Yom shishi, 16 Cheshvan 5769.

I love living in a country that treats its soldiers this way.

Just seeing the sign makes me smile.

(The sign offers free internet surfing to the soldiers at the internet cafe in the Central Bus Station in Jerusalem.)

They don't seem to mind it, either.

Shabbat shalom u'mevorach!

Tuesday, November 11, 2008

The B-More Backers Bring the Four-One-Oh* to Israel!

Yom revi'i, 14 Cheshvan 5769.

Back in Elul, we former Baltimoreans shared a sad memorial service for a very sweet kid named Chananya Backer, a"h. The boys wanted to do something to remember Chananya in a positive way.

So when it came time to come up with a name for their American Football team, they decided to honor their friend, and their old home town. Thus, the "B-More Backers" were born.

Tonight, I can happily report that the Sports Guy and the Bookworm, two of our favorite 14-year-olds, received their team shirts. After the game, the good news was cell-phoned home: The B-More Backers are now two and oh! "Pizzeria Efrat" and "Your Moms Mistakes," notice is served: watch out. The field belongs to the Four-One-Oh!*

Chananya, your homies are doing okay. I think you'd be proud of the way they are becoming Israelis, with a Baltimore "ta'am."

*410 was the area code of Baltimore for some time, only recently joined by 443. "Bringing the four-one-oh" is some of the only teenager slang I have mastered, much to my sons' embarrassment.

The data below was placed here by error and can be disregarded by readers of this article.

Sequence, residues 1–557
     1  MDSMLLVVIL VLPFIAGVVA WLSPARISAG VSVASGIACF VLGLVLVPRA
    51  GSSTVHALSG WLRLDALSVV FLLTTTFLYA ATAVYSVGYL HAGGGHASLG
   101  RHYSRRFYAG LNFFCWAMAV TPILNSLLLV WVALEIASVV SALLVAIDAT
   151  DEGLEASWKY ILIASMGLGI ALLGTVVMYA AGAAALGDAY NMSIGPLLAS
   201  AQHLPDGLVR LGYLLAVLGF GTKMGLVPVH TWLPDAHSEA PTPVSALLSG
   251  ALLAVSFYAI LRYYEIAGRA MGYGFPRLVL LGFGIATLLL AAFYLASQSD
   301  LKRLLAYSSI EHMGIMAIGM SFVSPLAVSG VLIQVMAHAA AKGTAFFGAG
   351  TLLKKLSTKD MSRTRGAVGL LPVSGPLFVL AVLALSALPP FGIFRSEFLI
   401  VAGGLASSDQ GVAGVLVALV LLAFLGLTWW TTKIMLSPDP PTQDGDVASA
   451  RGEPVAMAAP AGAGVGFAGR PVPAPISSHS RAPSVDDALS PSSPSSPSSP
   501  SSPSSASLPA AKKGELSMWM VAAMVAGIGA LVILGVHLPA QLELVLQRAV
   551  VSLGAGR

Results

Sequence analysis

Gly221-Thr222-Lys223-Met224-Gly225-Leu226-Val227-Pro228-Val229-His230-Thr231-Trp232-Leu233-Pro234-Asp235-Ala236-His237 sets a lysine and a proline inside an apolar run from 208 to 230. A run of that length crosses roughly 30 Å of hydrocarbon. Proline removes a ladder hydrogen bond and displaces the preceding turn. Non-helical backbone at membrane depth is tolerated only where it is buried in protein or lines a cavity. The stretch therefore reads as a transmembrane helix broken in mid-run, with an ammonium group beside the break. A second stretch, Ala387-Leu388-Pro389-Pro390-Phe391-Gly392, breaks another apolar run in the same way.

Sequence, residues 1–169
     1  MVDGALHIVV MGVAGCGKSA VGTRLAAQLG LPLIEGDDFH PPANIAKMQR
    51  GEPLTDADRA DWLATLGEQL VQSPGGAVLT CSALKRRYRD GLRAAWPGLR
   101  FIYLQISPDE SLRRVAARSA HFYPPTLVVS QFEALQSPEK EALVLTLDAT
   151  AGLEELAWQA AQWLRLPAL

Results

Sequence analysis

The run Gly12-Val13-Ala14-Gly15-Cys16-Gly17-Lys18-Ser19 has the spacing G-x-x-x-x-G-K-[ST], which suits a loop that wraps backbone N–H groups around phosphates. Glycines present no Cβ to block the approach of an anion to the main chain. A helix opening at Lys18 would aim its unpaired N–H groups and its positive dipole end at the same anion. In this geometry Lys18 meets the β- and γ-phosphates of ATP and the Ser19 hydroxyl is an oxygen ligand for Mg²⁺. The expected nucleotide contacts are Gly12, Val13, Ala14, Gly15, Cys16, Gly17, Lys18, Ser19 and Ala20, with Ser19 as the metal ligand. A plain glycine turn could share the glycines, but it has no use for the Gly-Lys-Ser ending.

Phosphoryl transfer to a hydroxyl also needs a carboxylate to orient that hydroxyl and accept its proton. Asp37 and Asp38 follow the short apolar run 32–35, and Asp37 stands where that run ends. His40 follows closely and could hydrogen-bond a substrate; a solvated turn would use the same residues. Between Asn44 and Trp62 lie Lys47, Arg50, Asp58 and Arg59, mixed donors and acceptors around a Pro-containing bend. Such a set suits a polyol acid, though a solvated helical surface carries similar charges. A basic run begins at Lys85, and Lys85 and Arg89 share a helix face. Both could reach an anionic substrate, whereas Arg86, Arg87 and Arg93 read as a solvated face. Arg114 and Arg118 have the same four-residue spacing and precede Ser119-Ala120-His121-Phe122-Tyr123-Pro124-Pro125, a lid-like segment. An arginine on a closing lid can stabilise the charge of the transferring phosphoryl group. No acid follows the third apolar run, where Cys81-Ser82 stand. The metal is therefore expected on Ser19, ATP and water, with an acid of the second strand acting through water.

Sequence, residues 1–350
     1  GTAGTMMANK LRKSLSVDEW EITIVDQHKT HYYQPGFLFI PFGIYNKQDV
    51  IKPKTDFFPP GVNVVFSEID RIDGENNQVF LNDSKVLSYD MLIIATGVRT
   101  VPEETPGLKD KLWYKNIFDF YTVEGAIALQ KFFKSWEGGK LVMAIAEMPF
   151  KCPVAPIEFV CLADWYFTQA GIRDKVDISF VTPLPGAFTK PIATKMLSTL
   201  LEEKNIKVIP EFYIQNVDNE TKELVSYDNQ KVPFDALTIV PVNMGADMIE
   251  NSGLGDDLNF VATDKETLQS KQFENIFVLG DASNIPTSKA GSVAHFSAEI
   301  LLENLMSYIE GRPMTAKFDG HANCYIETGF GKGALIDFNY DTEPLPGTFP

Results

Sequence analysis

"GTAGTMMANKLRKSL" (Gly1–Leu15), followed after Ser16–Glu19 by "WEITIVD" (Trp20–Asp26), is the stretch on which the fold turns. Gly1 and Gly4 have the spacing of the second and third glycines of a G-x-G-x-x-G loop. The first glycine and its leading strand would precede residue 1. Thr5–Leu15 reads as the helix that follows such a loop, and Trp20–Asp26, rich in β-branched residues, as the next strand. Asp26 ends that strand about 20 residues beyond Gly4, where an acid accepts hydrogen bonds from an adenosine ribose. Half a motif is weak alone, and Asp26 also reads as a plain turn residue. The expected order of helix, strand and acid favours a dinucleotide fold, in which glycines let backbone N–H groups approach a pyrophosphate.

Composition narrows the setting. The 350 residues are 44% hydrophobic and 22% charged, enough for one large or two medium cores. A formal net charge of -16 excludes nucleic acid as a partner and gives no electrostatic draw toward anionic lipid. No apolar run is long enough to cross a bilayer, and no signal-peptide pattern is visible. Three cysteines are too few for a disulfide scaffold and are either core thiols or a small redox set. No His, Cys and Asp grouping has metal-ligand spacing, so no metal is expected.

Monday, November 10, 2008

A Soldier's Perspective

Yom shlishi, 13 Cheshvan 5769.

I was going to write about soldiers today; but Soldier Boy just wrote a very nice essay at Through Josh-Colored Glasses; so I think I'll just post his excellent work instead. As I've said before, a little nepotism is a good thing.

Enjoy. This mama will shep a little nachas.

Monday, November 10, 2008

Strength in the Face of Despair

This post is a bit out of keeping with my usual style of writing, but I thought it important to remind people about why we do what we do.

I have heard talk.

People are afraid.

Politics in the states, potential wars, morality plummeting around the world, fear of the rising Islamic global terrorism, the sagging economy-the list is endless.

I heard a story about a man I know, a great man, who was afraid to bring children into the world. The sickness, the horror of it, kept him afraid of bringing more people to suffer into this world for the longest time, but his wife finally convinced him. He now has four great sons, may they only climb higher and bring honor to his name.

I heard a similar story that happened in Eygpt. A man there also refused to bring a child into the world, fearing the child's death, and he parted from his wife. A strong-willed daughter reunited them, and a son was born. That son was Moshe.

I am married, and I also had begun to feel this fear. Here I am, listening to all the sickness and rot of this world, and yet I am expected to bring another life into a world of death?

The answer to my question, of course, was my question. A highly Jewish concept.

We fear darkness, the evils from all around and seek a way to fix it, hide it, hide ourselves.

The answer is found in our children.

When Moshe was brought into this world, he came as a light into the darkness, dispelling night as a candle fills a room.